We are also reminded that at our core we are Christians, which means we fight for justice and equality, shining the light of hope and truth into every crack in the rock of bigotry and hatred we can find. It also means we follow the greatest commandment of all: love thy neighbor.
Of course, Jesus didn’t qualify that commandment along party lines. Everyone (Democrat, Republican, Independent, etc.) is our neighbor. Tragically, an aftermath from this election was a sense that we as Americans aren’t neighbors anymore. Many have said, “We don’t even know our fellow Americans.” Polarized by the media and the politicians into a mentality of us versus them, trampled by the racist, sexist and bigoted language, it is easy to believe that all those who do not see the election as we do are haters.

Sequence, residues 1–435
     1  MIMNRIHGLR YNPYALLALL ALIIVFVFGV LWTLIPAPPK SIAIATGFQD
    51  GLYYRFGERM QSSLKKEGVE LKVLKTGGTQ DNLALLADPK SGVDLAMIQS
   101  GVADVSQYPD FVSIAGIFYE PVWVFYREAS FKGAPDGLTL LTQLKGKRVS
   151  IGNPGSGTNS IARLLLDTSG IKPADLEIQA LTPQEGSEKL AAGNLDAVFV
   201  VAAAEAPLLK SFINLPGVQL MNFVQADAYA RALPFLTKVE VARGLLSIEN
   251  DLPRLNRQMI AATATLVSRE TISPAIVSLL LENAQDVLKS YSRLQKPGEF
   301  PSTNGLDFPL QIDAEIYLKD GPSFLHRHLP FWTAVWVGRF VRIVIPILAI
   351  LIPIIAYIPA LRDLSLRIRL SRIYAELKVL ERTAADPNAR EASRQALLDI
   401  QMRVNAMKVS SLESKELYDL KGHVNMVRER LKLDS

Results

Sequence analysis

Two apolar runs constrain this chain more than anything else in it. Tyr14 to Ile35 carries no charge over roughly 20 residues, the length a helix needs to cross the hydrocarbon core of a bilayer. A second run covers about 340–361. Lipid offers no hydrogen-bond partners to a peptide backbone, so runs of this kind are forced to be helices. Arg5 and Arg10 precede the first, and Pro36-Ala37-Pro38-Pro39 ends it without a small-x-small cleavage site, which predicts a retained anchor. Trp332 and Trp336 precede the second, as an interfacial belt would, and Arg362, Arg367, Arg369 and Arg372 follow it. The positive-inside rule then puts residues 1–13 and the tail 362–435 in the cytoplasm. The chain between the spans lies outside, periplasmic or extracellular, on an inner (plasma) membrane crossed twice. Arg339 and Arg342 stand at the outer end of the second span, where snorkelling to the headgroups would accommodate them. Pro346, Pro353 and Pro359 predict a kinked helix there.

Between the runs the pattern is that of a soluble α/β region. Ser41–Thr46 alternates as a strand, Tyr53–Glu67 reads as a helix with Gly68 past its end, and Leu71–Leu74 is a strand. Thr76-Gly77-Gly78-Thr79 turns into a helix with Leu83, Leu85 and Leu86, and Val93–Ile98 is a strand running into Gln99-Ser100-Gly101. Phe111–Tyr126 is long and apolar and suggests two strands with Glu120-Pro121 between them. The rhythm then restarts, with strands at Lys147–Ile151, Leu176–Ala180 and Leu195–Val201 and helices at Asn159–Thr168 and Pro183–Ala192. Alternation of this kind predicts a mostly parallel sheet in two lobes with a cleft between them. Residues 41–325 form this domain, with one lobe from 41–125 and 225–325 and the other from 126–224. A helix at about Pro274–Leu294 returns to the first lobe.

Yes, there are racists and misogynists and scorpions in this country. They exist and they are vocal and many are powerful. They were part of this vote. Too much of it, in fact. But in my deepest heart, I don’t believe hate is what drives the majority of Americans. I can’t — for to believe that is to give up all hope.
Frank Bruni, columnist for the New York Times, explained it this way: “Donald Trump’s victory … does not mean that a majority of Americans are irredeemable bigots (though too many indeed are). Plenty of Trump voters chose him, reluctantly, to be an agent of disruption, which they craved keenly enough to overlook the rest of him.”